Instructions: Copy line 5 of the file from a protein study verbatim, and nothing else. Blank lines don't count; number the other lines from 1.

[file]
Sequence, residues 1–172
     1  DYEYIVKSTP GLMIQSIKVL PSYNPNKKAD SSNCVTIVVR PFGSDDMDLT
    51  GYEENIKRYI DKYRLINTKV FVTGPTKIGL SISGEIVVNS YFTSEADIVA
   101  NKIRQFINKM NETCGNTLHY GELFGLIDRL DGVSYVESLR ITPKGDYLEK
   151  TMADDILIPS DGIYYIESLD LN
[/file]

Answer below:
   151  TMADDILIPS DGIYYIESLD LN